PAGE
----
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JohninWV

Leaky Barrels

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I didn't know where to put this....

I have (1) 53 gallon whiskey barrel that is still leaking. I soaked it with water for 2 days prior to filling to swell it up, dumped it and filled it up with bourbon.

After a month, it started leaking between the staves. It's still leaking. It's not too much, but it's wet to the touch.

Anything I can do to stop it? I heard of some people rubbing flour on the outside, but I was looking for suggestions from other folks with experience.

Thanks.

John

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Hi John,

Leaking is never good... was this a used barrel? If so, you may have titrates between the staves or, if it dried out completely, it could have become deformed. Rubbing flour on the outside won't do anything to fix the problem. Ideally, you'd have take the bourbon out and have a professional separate the staves and figure out what's going on but that's not usually cost-effective. If the leak appears to be a hole rather than a slit, you can hammer in an oak cone (they're about 1.5cm long) and can be found at most wine supply shops or from a cooper--I have some I can send you, if you'd like. There are also chemical sealants that some people apply on the outside but, as someone who sells barrels and oak products, I can't recommend that because they may have an adverse effect on your bourbon.

If you can live with the loss of bourbon, that's probably your best bet. If not, I'd suggest moving the bourbon to another barrel. Sorry--I wish I could have been of more help.

Robert

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you can try tapping the bands a little tighter near your leak by using a block of hardwood and a mallet. This has worked for us in a pinch before but will only fix the problem if it's a leak between staves. Recommend this as a last effort.

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I didn't know where to put this....

I have (1) 53 gallon whiskey barrel that is still leaking. I soaked it with water for 2 days prior to filling to swell it up, dumped it and filled it up with bourbon.

After a month, it started leaking between the staves. It's still leaking. It's not too much, but it's wet to the touch.

Anything I can do to stop it? I heard of some people rubbing flour on the outside, but I was looking for suggestions from other folks with experience.

Thanks.

John

It depends on where it's leaking and all remedies have their risks. One old method is to take a thick envelope (somewhere between regular thickness and card stock, if you can get it) and use a dulled chisel to carefully and evenly jam a single layer of the envelope in between the staves. Of course, this will not help if the leak is a pin hole. Either a wood cone (as previously suggested) or drilling the pin hole out and hammering in a wood bung can work too in case of a pinhole leak. In the end, if you can rotate the barrel to find the leak and see that it's coming from a single spot, you can rotate the barrel so that the leak is on top so the liquid can't leak out. Good luck.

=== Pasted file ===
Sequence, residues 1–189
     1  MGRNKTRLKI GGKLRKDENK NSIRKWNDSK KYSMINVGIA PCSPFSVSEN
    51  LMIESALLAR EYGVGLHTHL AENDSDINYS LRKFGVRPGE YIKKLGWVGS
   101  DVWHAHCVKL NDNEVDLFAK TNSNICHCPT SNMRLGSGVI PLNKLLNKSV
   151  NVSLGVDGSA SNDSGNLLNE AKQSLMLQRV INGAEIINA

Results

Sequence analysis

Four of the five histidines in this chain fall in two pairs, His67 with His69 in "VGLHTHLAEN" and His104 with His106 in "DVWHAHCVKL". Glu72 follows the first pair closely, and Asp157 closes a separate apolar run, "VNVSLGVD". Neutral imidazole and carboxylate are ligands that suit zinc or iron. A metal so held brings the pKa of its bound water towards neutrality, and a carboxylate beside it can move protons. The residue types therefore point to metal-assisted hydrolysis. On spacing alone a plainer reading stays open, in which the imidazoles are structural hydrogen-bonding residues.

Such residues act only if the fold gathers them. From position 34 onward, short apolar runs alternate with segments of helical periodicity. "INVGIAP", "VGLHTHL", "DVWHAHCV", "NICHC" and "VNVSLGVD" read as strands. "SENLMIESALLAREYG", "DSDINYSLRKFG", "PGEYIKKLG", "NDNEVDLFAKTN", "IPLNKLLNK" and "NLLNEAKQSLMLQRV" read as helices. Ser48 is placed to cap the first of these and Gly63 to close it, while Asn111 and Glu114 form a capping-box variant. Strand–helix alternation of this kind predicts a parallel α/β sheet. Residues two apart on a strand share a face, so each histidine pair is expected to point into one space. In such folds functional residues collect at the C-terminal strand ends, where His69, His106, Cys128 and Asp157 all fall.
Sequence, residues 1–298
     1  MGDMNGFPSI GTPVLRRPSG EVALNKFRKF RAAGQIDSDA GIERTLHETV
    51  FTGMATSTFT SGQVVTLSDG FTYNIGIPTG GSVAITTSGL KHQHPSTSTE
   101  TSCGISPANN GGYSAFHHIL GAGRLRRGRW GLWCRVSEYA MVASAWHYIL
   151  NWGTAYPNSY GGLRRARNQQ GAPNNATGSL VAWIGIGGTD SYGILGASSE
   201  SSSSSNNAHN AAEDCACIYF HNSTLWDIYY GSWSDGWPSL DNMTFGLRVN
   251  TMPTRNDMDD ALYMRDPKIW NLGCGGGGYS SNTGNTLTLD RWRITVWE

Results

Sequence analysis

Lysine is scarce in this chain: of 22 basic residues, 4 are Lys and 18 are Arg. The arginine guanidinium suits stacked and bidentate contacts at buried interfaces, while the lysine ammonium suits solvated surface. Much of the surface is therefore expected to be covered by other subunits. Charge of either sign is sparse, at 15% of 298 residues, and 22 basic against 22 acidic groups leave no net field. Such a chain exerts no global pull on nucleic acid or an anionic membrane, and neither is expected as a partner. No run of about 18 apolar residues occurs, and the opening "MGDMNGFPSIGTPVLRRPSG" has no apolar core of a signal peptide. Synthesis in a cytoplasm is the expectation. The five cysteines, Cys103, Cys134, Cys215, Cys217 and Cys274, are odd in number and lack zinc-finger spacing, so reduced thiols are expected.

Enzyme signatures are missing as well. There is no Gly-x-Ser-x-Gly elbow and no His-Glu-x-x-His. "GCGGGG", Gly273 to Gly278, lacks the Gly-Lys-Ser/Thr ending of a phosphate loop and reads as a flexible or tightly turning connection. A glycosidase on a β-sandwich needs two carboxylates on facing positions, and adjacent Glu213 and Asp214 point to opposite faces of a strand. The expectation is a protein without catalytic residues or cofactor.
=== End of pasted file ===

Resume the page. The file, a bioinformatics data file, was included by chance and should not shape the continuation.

CT

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If the leak is a along the stave joints and not just a pin hole, then tightning the hoops should fix it. It is easy to do. Use the type of wide chisel brickies use to cut blocks. Blunt it so it won't cut into the hoop. Use a hammer a bit bigger than a carpenter uses and slowly work your way around the hoops to belt them on a bit further.

If you don't have a suitable chisel, a piece of steel about 3 inches wide, 3/8 thick and about 7 inches long will work nearly as well.

PeteB

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Hi John,

Everyone else has the right idea, I would try tapping the hoops down first and see if that does the trick, if that doesn't work try pounding a thin cedar wedge in between the staves. If it's a visible worm hole or if you decide to disassemble the barrel, an oak spile (tapped into the drilled out worm hole) will work wonders. A spile is basically a glorified fat tooth pick. One other idea if you disassemble the barrel is to put flagging (AKA: cat-tails, bull rushes) in between the staves, they swell up tremendously and should work great.

~Heidi

Black Swan Cooperage, LLC

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Guest tom

Lots of great ideas here. Thanks folks!

Take a hoop driver and a hammer and drive them down. Also get cat tail fibers for packing in between the staves.

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I'd try duct tape and some zip ties. You can damn near fix anything with these two simple items.

Don

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Don, being less talented in repair, I add "Marshmellow Fluff" to my must have tool chest. With those three items I think you could raise the Titanic.

Cheers, Bob

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Don, being less talented in repair, I add "Marshmellow Fluff" to my must have tool chest. With those three items I think you could raise the Titanic.

Cheers, Bob

i sure like to know more about the utility of marshmellow fluff...

Thanks Bob!

-Scott

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well nobody has mentioned sheet rock screws. I have one in about everything I cob together at the house. although duct tape even works on fixing leaks (temporary)on your canoe when fishing. My friend used to call it "Millright on a roll". back to the grind!

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